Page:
Turning to FIG. 1, there is shown ESD protection circuit 10 of the present invention. ESD protection circuit 10 may be incorporated as part of a conventional integrated circuit (IC) that also includes an analog signal processor as part thereof. ESD protection circuit 10 is shown coupled to input pad 12, which may also be an input of the IC. Pad 12 is coupled to core output 14 of circuit 10 via metal conductive element 16, polyresistor rp1 and metal conductive element 18. Core output 14 generally would be coupled to internal circuitry of the IC as understood. First and second ESD protection diodes Q1 and Q2 are provided as in a conventional ESD protection circuit. Q1 comprises a PNP transistor having its emitter electrode coupled to input 12, its base electrode coupled to metal conductive element 20, and its collector electrode coupled to ground rail 22 to which is supplied VSS. Similarly, Q2 comprises an NPN transistor having its emitter electrode coupled to metal conductive element 16 and its base electrode coupled to metal conductive element 20. The collector electrode of Q2 is coupled to positive rail 24 to which is supplied VDD. The base electrodes of Q1 and Q2 are coupled to interconnection of the anode and cathode of diodes D1 and D2 respectively. The cathode of D1 is returned to positive rail 24 while the anode of D2 is coupled to negative or ground rail 22.
In operation, as an ESD voltage at input 12 exceeds VDD, the base-emitter junction of Q1 is forward biased and current flows through Q1 via D1 to the positive rail 24. Likewise, a positive ESD voltage appearing at rail 22 will cause current flow via D2 and the base-emitter of Q2 to input pad 12 once the base-emitter junction is forward biased thereby. Hence, both input 12 and output 14 are substantially clamped to either the positive or negative power rail voltages depending on the polarity of the ESD occurrence.
Similarly, core output 14 is clamped to the positive and negative rails responsive to positive and negative ESD voltages that may occur on metal conductive elements 18 and 26 respectively as the base-emitter junctions of Q3 and Q4 are forward biased. Thus, a positive ESD voltage appearing on metal conductive element 18 causes a current flow via Q3 and D3 to rail 24 while negative ESD spike voltages produce current flow from negative rail 22 via D4 and Q4 to metal conductive element 18.
ESD protection circuit 10 includes unity gain amplifier A1 having an input coupled to output 14 while its output is coupled to conductive elements 26 and 20. A second poly-resistor rp2 is coupled between metal conductive elements 20 and 26. Typically, the resistances of rp1 and rp2 are small (150 ohms or less).
The effect of metal conductive elements 16-26, resistors rp1, rp2, and the relatively large base-emitter junctions of Q1-Q4 is to generally increase the parasitic capacitance seen between metal conductive elements 16,18 and 20,26 due to the structure of the integrated circuit as will be discussed later in more detail. This increased capacitance is undesirable as it can prevent detection of small voltages applied to input 12. However, unity gain amplifier A1 of the present invention minimizes this unwanted parasitic capacitance by maintaining a zero voltage difference between the metal conductive elements as will be further explained.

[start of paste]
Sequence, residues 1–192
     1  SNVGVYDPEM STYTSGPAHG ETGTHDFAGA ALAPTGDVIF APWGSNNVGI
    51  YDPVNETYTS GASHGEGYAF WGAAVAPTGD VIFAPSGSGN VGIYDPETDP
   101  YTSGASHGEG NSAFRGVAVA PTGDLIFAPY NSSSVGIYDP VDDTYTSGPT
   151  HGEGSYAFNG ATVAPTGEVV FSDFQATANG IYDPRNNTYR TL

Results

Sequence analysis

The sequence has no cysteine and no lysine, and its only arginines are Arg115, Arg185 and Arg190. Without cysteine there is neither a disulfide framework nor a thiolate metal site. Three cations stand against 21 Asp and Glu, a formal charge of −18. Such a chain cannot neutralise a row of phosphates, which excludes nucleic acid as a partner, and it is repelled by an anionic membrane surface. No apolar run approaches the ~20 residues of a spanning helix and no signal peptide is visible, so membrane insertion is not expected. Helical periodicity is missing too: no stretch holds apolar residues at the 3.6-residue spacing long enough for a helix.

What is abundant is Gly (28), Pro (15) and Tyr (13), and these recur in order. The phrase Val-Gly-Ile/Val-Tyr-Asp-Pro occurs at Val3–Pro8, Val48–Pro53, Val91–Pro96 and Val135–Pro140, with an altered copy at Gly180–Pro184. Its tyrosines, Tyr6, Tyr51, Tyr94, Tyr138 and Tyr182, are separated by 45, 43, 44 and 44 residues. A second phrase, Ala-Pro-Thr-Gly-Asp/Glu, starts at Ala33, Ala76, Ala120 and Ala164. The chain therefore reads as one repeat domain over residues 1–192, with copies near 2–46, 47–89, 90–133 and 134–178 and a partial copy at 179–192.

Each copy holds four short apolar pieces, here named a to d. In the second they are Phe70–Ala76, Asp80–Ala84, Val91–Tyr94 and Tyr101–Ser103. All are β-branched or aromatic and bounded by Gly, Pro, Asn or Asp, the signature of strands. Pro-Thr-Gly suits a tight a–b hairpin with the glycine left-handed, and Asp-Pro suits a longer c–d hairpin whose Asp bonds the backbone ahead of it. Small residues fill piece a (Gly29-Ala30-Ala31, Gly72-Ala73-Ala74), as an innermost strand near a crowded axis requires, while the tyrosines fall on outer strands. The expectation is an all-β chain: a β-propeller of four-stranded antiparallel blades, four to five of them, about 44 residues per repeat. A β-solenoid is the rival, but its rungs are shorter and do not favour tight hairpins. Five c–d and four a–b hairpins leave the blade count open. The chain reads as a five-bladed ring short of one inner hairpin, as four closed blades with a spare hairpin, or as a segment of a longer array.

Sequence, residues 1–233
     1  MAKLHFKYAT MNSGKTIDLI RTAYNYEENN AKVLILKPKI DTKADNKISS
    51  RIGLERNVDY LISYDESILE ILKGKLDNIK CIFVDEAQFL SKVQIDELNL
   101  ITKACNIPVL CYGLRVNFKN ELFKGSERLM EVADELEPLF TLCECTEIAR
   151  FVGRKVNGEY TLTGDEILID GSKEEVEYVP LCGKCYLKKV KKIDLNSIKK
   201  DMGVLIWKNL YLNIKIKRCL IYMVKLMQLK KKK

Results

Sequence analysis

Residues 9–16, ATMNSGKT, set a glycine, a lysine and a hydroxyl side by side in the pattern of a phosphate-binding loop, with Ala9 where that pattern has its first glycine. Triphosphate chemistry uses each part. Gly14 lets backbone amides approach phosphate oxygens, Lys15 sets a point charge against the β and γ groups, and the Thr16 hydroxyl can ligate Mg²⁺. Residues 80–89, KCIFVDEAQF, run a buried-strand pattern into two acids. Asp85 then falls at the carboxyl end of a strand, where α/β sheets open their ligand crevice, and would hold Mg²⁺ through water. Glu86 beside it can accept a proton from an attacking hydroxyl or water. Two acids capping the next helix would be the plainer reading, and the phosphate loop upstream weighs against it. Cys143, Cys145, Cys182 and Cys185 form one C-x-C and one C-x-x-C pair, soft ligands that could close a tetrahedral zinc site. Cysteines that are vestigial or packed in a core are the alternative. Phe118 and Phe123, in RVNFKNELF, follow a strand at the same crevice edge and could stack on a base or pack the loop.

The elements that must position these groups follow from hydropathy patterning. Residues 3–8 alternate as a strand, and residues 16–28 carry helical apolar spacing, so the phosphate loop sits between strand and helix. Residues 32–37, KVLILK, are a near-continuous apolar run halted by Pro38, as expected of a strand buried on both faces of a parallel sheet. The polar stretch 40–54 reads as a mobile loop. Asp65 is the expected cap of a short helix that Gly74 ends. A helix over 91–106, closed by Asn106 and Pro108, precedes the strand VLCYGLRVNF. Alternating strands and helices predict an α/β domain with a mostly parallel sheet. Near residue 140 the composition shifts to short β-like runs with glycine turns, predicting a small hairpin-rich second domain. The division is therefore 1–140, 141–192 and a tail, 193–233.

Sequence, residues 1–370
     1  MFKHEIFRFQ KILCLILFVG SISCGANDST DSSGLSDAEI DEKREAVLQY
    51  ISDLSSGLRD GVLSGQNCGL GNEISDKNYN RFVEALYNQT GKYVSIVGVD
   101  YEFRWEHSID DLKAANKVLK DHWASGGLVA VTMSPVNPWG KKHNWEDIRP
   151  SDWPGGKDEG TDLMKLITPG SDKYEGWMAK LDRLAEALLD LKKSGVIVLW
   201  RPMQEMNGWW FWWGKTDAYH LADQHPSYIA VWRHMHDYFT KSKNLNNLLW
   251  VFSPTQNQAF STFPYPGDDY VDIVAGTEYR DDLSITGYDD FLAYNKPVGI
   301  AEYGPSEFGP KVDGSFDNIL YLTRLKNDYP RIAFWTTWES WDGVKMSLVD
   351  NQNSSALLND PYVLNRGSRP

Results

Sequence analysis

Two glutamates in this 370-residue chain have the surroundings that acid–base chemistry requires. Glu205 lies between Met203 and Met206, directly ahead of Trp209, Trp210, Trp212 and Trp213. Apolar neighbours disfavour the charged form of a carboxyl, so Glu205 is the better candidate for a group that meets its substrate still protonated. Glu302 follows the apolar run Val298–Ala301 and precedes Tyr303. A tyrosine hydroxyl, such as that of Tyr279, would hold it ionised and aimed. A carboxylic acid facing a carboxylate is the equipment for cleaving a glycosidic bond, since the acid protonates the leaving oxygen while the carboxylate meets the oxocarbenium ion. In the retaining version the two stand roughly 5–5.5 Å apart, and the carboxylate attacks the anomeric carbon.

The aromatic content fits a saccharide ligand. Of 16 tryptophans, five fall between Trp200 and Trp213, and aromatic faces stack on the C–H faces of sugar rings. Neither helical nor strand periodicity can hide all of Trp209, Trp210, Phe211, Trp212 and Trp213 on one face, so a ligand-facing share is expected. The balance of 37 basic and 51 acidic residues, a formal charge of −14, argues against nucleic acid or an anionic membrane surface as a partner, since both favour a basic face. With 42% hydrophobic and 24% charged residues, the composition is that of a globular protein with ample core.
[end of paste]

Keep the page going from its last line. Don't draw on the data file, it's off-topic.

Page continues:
Referring to FIG. 2, integrated circuit 30 is shown in simplified form. IC incorporates ESD protection circuit 10 of the present invention. Integrated circuit 30 includes at least one input 32 coupled to the input 12 of circuit 10 the output 14 of which may be coupled via rp1 to an analog signal processor shown at 34. A probe, for example, may be attached at input 32 to detect small voltage differences (such as from a pressure sensor). The voltage differences are processed by signal processor 34 to provide desired information that is the displayed by output display unit 36.
Turning now to FIG. 3 there is shown a simplified, partial cross sectional view of monolithic integrated circuit (IC) 40 useful for describing the structure of diode-connected transistors Q1 and Q2 of FIG. 1. IC 40 is conventional in structure and includes P-type substrate 42. Isolated N-well 44 is constructed by providing a layer of N-type epitaxial semiconductor material on substrate 42 and diffusing isolation ring 46 through the N-type layer into P substrate 42. Q1 is then constructed by diffusing P-type base regions 48 and 50, as well as N-type emitter region 52 into isolated N-well 44. The P+-type collector region 54 of Q1 may be formed in isolation ring 46. Similarly, using known and conventional photolithographic techniques, isolated P-well 56 is constructed by providing a P-type layer of semiconductor material on P substrate 42. Next, a buried layer 58 of N-type semiconductor material is formed into both P substrate 42 and the P-well. Isolated P-well 56 is completed by diffusing N-type isolation ring 60 through the P-type layer into buried layer 58. Q2 is formed by diffusing base regions 62 and 64, as well as emitter region 66, into isolated P-well 56. Metal conductive elements 16 and 18 (FIG. 1) are formed by selectively patterning metalization layers 68 and 70, the latter of which makes contact to output 14. Poly-resistor rp1 is grown and contacts layers 68 and 70. Similarly, base regions 50 and 62 of Q1 and Q2 are connected by metalization layer 72. It is understood that Q3 and Q4, as well as rp2, are likewise constructed as aforementioned.